This study tested the feasibility and utility of developing a multiple-method and multiple-reporter measure that describes the community substance use environment. Data on community-level norms and availability of substances were reported by 5,261 students and 181 prevention-focused community leaders involved in the 28 PROSPER Project communities between 2002-2005. Additionally, locations of alcohol and tobacco outlets were geocoded. Initially, these four subscales were aggregated to measure the community substance use environment. Analyses demonstrated this measure was associated with community rates of adolescent reported cigarette use, but it was not associated with community rates of adolescent reported alcohol use. Further analyses tested the relative strength of the four different subscales in predicting rates of student use. Implications of these results for the field of community-based prevention are discussed, as well as limitations and future directions.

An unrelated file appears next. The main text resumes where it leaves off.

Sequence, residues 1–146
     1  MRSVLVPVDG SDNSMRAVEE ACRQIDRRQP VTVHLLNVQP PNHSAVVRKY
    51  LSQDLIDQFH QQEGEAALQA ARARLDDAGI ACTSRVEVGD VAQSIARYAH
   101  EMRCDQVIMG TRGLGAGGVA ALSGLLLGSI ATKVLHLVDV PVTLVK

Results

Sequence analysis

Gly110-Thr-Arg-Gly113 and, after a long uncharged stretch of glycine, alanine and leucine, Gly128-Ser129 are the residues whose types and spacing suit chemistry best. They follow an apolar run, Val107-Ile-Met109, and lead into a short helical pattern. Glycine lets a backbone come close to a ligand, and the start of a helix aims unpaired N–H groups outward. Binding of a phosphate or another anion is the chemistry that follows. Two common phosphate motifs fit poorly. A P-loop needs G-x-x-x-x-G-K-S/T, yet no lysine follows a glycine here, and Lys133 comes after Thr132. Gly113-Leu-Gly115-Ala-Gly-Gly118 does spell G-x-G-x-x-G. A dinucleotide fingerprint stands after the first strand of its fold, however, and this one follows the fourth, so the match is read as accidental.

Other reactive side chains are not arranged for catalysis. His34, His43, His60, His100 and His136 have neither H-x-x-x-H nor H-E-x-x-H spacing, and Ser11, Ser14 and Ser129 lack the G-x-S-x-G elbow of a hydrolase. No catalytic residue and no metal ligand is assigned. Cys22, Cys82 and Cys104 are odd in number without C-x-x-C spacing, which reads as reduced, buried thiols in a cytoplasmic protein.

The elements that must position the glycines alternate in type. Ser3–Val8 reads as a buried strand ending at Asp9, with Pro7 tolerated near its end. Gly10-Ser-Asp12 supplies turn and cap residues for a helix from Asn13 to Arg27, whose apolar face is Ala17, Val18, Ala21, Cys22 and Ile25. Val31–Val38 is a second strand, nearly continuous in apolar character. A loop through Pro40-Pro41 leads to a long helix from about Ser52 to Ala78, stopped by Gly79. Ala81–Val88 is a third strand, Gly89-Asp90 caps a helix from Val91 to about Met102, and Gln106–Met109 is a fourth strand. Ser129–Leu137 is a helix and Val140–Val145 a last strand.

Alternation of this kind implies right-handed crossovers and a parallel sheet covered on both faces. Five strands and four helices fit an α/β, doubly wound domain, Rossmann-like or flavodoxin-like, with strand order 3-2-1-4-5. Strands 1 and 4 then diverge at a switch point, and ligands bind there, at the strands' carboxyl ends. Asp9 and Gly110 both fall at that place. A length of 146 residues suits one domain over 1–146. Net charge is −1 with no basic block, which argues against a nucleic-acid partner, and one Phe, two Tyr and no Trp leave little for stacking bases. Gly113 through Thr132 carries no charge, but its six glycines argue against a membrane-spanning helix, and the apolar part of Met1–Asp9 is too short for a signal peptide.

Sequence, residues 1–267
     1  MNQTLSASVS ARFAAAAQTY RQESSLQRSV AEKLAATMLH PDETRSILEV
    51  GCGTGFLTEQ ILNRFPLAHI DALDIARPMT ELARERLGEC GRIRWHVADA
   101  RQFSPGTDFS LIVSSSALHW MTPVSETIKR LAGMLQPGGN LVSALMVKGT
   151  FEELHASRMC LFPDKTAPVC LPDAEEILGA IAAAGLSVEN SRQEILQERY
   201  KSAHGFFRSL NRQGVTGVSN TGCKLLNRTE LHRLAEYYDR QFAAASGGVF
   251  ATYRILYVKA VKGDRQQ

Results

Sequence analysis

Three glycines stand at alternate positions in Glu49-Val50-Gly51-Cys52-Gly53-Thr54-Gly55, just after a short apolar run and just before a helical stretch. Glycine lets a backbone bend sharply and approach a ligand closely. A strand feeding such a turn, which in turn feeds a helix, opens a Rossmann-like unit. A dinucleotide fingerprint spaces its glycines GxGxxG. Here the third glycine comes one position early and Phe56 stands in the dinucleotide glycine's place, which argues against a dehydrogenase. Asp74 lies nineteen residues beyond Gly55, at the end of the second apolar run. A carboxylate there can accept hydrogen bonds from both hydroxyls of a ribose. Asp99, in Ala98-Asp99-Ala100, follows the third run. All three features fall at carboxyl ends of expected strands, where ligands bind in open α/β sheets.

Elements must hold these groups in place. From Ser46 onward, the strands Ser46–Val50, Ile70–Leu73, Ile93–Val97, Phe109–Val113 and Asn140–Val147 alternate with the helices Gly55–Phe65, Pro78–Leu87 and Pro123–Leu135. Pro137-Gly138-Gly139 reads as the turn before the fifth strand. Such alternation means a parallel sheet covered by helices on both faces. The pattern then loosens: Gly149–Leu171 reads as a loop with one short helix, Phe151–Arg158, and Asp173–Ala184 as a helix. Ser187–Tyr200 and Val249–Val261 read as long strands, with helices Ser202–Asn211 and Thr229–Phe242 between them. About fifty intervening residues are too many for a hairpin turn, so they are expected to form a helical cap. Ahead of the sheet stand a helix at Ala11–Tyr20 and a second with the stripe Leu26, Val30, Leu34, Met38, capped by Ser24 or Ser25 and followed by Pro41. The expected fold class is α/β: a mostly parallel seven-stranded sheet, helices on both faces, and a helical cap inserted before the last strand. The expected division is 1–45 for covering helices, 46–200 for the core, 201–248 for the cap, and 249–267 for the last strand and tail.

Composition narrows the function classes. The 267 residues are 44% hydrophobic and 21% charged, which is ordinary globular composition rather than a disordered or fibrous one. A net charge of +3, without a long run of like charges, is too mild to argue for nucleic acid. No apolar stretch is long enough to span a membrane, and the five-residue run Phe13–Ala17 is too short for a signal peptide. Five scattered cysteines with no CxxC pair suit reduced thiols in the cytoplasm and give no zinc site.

Keywords: Adolescence; community context; geographic information systems; prevention; risk; substance use.